Dear Lifehacker, My daughter uses Vodafone and has just been hit with a $100 bill for her Facebook usage — even though she gets Facebook for free on her plan. Apparently, you have to use the browser version for this to apply. If you use the Facebook app you pay normal data charges. What's going on? Is that reasonable? Thanks, Anti-Social
Phone user picture from Shutterstock
This restriction is annoying and not always well-promoted, but it has long been the case that "free social networking" on mobile plans is restricted to using the on-phone browser, rather than using the apps (official or otherwise). That applies not just to Facebook, but also to Twitter, LinkedIn, Foursquare, eBay and MySpace, which are the usual services that are offered without data charges on those plans.
At a technical level, this comes down to tracking your activity. Browser requests to a specific domain (such as facebook.com) can easily be identified, but data sent from an app won't necessarily be in that format (and the way requests are made may alter each time the app is updated).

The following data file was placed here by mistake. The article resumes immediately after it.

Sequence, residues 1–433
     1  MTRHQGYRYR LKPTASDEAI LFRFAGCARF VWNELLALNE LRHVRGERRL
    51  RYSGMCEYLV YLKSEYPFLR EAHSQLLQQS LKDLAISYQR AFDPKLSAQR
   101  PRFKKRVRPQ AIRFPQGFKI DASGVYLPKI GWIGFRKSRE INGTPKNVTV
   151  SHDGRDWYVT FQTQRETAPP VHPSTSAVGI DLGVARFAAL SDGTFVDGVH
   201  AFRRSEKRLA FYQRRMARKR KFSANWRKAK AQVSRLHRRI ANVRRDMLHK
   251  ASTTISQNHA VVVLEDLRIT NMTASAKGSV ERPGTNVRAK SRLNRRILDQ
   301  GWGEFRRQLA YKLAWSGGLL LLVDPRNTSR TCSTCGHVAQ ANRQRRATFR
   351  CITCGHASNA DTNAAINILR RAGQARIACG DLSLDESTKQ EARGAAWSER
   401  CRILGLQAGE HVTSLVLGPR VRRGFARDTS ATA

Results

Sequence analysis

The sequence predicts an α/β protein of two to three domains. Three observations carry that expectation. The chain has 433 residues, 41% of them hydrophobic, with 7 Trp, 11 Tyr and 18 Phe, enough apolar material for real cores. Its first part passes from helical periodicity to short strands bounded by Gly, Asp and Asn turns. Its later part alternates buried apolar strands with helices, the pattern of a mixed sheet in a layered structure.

This is likely to be less of an issue in the future, if only because the "free" options are disappearing as telcos try and make more money from data. Optus dropped free social networking from its contract plans last December, and Vodafone dropped it from its prepaid plans in January, having already removed the option for new customers on its contract plans. (Evidently, your daughter signed up before that happened.)
The lesson has presumably been learned for the future: while the browser version may be less convenient, it's free (at least for the time being). In terms of the existing $100 bill, we'd suggest contacting Vodafone and asking for a detailed breakdown of that data usage. Providers often struggle to provide that information, and under the circumstances they may agree to waive some or all of the bill.
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